15 When Joseph’s brothers saw that their father was dead, they said, “What if Joseph holds a grudge against us and pays us back for all the wrongs we did to him?” 16 So they sent word to Joseph, saying, “Your father left these instructions before he died: 17 ‘This is what you are to say to Joseph: I ask you to forgive your brothers the sins and the wrongs they committed in treating you so badly.’ Now please forgive the sins of the servants of the God of your father.” When their message came to him, Joseph wept.18 His brothers then came and threw themselves down before him. “We are your slaves,” they said. 19 But Joseph said to them, “Don’t be afraid. Am I in the place of God? 20 You intended to harm me, but God intended it for good to accomplish what is now being done, the saving of many lives. 21 So then, don’t be afraid. I will provide for you and your children.” And he reassured them and spoke kindly to them.
Sunday morning I will begin a new message series from the Letter of James called Lifestyle Life. The letter of James is immensely personal and practical in regard to how we live out our faith. James is writing to early believers who are experiencing persecution and pain from being serious followers of Jesus Christ. In the first four verses of this little letter James shows us how to find purpose in the trial of life.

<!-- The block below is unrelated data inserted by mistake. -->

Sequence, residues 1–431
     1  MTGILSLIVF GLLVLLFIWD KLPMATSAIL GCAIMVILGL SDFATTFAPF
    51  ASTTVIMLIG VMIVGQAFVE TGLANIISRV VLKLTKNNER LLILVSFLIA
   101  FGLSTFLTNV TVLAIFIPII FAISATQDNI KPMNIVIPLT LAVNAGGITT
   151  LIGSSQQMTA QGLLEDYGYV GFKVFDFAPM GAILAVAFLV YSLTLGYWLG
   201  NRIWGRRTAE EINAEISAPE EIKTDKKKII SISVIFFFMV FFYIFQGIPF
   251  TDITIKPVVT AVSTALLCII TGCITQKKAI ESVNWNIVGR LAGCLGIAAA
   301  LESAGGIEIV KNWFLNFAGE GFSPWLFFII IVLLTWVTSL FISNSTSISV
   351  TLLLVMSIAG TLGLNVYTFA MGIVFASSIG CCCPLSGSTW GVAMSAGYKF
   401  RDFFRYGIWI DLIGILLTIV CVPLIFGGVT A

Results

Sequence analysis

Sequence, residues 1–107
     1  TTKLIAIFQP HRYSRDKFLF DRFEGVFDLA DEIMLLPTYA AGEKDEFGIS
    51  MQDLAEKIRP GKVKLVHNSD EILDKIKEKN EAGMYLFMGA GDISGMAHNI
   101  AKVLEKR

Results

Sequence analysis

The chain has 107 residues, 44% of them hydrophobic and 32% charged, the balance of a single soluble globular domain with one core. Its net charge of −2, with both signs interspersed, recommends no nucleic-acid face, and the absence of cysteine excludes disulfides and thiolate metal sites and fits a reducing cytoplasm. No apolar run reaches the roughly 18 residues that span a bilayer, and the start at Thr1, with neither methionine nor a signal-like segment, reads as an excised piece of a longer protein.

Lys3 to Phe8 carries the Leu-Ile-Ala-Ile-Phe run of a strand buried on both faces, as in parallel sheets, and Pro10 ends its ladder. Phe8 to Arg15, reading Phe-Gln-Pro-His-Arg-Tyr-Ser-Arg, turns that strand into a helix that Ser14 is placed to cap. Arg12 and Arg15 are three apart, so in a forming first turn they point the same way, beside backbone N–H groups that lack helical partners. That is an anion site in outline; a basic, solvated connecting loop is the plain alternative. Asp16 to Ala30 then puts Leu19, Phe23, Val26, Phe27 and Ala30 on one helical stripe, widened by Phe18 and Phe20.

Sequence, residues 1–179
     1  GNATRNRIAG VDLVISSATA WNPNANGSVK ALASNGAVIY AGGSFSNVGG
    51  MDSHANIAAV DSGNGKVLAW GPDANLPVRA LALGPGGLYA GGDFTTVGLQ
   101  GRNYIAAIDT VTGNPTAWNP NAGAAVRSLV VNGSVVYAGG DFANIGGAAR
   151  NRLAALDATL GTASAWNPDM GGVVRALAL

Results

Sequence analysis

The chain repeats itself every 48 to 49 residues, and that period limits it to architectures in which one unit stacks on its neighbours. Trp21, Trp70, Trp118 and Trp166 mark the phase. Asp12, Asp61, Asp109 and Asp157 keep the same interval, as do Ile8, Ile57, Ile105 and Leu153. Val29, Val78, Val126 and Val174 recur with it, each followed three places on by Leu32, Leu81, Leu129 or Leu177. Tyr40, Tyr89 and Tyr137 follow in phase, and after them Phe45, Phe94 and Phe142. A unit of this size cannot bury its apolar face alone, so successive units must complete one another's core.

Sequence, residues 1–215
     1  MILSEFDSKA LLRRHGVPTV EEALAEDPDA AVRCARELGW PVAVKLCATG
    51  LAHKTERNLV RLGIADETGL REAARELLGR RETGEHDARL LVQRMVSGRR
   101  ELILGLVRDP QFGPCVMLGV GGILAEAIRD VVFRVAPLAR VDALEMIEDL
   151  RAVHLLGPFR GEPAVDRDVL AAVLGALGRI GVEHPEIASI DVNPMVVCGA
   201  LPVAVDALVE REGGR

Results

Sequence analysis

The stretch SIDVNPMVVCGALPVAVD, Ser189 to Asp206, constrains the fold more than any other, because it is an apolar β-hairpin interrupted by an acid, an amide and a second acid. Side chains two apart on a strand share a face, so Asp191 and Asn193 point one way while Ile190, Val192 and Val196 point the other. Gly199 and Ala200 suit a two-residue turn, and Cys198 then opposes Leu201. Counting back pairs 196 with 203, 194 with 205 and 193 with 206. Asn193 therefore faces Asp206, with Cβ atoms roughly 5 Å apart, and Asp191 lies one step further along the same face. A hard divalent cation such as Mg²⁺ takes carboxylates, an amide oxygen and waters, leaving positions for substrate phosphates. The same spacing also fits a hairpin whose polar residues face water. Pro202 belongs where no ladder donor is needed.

Joseph also understood the lesson of finding purpose in trials. After the death of his father, Jacob, Joseph's brother felt sure that now he would exact his revenge on them for selling him into slavery in Egypt, but Joseph saw life through a different filter than his brothers. He saw his life and trials as being used by God for His glory, (v. 20) "You intended to harm me, but God intended it for good . . ." Can you see your trials and struggles in that light. Instead of thinking that God is out to get you, can you see your trials being used of God to better your life, to mature you into the image of Jesus Christ. Let's look for God's purpose in our trials.